Skip to content

November 15, 2016


Grace Jones – Slave To The Rhythm (1985) – Lp

by Record Facts

Grace Jones (born 19 May 1948) is a Jamaican singer, songwriter, lyricist, supermodel, record producer, and actress. In 1977 Jones secured a record deal with Island Records; she moved into dance, new wave, and reggae music, often collaborating with the Compass Point All Stars.













Artist:  Grace Jones
Title:  Slave To The Rhythm
Year:  1985
Format:  LP
Label:  Island Records
Catalog#  2404471

Slave to the Rhythm is the seventh studio album by Grace Jones, released on 28 October 1985 by Island Records. Subtitled a biography in the liner notes, Slave to the Rhythm is a concept album, produced by ZTT Records founder and producer Trevor Horn, that went on to become one of Jones’ most commercially successful albums and spawned her biggest hit, “Slave to the Rhythm“.

After finishing sessions at Compass Point for her Living My Life album in late 1982, Jones took a break from recording music and focused on an acting career. Within two years, she made her debut as an actress in the 1984 film Conan the Destroyer where she played alongside Arnold Schwarzenegger. She later gained even more notoriety in 1985 in the James Bond film A View to a Kill where she played the villain May Day. After finishing filming in late 1984 she returned to the studio to work on a follow up, ending an almost three-year-long hiatus.

Slave to the Rhythm, both song and album, was written by Bruce Woolley, Simon Darlow, Stephen Lipson and Trevor Horn and was produced by Trevor Horn, who was assisted by Lipson. Unlike most albums that feature a collection of different songs, Slave to the Rhythm was a concept album that featured several, radical interpretations of one title track. The project was originally intended for Frankie Goes to Hollywood as a follow-up to their hit “Relax“, but was finally given to Jones. The recording process featured Horn, Lipson and Jones creating a new version of the song every week or so, ballooning the budget for a single song to nearly $385,000 USD. As such, several versions were collected and released as the album proper.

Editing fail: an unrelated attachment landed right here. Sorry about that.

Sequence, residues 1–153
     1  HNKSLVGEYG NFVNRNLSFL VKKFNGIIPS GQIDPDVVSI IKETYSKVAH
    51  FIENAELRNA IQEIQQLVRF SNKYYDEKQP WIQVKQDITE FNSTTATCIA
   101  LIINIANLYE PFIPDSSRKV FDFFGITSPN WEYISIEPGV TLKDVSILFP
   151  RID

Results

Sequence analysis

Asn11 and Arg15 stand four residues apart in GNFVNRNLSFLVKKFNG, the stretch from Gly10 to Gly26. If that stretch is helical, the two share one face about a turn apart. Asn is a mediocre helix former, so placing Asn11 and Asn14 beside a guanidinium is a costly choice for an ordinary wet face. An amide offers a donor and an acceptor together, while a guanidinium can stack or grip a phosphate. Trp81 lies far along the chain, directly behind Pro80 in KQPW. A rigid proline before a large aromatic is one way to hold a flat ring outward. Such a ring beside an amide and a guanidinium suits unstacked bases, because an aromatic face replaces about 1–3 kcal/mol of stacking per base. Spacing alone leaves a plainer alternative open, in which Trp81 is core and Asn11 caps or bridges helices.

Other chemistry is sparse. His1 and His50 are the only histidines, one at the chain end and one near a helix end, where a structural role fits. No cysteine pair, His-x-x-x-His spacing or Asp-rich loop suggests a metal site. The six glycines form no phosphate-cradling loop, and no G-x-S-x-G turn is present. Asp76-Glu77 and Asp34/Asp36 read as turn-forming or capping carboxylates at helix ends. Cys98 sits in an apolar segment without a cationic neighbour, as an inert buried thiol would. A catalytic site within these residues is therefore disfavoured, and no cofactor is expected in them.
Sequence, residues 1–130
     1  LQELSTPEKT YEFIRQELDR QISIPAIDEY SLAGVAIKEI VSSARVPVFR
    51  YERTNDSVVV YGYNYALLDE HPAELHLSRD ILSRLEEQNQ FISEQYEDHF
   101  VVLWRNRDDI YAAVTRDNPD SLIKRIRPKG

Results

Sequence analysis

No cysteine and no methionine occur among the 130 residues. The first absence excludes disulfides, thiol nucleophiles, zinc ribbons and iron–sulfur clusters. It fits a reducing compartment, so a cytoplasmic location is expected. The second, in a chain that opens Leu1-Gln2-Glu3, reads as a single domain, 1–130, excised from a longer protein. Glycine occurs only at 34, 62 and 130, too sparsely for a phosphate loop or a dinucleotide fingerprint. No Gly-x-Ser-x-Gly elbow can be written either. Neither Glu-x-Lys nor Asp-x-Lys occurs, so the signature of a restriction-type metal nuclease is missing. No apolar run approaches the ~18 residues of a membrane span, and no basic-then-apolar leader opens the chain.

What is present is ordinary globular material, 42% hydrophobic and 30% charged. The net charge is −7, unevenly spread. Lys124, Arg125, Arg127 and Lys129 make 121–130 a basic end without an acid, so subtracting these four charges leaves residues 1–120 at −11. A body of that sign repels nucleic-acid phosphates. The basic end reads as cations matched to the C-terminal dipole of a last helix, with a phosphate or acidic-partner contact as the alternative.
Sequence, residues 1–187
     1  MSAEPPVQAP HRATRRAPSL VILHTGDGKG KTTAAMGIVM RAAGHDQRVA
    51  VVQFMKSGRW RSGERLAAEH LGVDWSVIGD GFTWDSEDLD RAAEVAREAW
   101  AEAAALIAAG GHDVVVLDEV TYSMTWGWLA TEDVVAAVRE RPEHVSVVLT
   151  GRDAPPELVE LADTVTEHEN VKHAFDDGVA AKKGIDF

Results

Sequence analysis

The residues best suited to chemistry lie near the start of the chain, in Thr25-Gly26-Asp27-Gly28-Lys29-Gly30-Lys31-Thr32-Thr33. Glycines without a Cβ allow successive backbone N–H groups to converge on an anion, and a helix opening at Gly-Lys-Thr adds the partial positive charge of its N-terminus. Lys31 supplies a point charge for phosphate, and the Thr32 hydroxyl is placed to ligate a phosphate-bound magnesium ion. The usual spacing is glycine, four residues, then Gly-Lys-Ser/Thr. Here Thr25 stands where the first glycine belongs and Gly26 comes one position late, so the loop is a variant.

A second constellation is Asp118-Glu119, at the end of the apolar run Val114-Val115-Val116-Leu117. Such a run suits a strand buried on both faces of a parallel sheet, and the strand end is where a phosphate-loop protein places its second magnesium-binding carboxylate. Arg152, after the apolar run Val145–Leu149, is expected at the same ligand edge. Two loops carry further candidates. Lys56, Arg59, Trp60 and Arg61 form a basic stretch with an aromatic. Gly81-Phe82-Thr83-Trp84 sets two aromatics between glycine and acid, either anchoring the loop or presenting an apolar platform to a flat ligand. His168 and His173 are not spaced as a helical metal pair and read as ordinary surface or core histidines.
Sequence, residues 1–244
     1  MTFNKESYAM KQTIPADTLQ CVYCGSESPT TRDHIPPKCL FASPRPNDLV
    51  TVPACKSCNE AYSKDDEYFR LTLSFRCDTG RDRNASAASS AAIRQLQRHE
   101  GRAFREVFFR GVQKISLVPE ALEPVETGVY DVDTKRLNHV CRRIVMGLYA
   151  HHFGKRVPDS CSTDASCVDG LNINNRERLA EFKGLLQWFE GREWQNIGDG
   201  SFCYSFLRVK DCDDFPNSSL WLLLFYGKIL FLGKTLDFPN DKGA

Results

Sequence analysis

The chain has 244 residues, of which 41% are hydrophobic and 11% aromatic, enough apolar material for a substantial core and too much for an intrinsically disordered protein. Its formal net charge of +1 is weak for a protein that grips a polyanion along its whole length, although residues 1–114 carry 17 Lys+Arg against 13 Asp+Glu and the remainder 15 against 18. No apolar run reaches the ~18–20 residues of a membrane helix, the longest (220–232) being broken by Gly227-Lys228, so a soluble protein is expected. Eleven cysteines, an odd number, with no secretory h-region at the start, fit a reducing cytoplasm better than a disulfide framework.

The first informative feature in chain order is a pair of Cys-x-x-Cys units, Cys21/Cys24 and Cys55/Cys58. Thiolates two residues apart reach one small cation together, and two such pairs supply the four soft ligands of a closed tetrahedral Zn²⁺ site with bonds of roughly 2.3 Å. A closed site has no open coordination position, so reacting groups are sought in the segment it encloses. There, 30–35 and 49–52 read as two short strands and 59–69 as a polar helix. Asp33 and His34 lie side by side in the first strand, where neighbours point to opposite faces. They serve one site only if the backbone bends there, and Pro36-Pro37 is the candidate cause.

Musically, Slave to the Rhythm ranges from funk to R&B, incorporating go-go beats throughout the album. All eight tracks are interspersed with excerpts from a conversation with Jones about her life, conducted by journalist Paul Morley, hence the a biography subtitle. The album also contains voice-overs from actor Ian McShane reciting passages from Jean-Paul Goude‘s biography Jungle Fever. Though recording dates of each version of the song are unknown, “Operattack” was created with vocal samples from “Jones the Rhythm”; while “Don’t Cry – It’s Only the Rhythm” is a variation of the bridge that appears on “Slave to the Rhythm.” Also, “The Fashion Show” could potentially be an early version of “Ladies and Gentlemen: Miss Grace Jones”. “Ladies and Gentlemen” would be released as a single, under the title of “Slave to the Rhythm”.

According to the album’s sleeve notes, extensive use of the New England Digital Synclavier was made in its recording.


Side one
1.  Jones The Rhythm  (5:24)
2.  The Fashion Show  (4:05)
3.  Frog & The Princess  (7:34)
4.  Operattack  (2:16)

Side two
1.  Slave To The Rhythm  (6:12)
2.  The Crossing (Ooh The Action…)  (4:51)
3.  Don’t Cry – It’s Only The Rhythm  (2:48)
4.  Ladies And Gentleman: Miss Grace Jones  (4:279

Read more from Grace Jones
1 Comment Post a comment
  1. Aug 19 2017

    I have noticed you don’t monetize your page, don’t waste your traffic,
    you can earn additional bucks every month because you’ve got high quality
    content. If you want to know how to make extra bucks, search for: best
    adsense alternative Wrastain’s tools



Leave a Reply

Fill in your details below or click an icon to log in: Logo

You are commenting using your account. Log Out / Change )

Twitter picture

You are commenting using your Twitter account. Log Out / Change )

Facebook photo

You are commenting using your Facebook account. Log Out / Change )

Google+ photo

You are commenting using your Google+ account. Log Out / Change )

Connecting to %s

Note: HTML is allowed. Your email address will never be published.

Subscribe to comments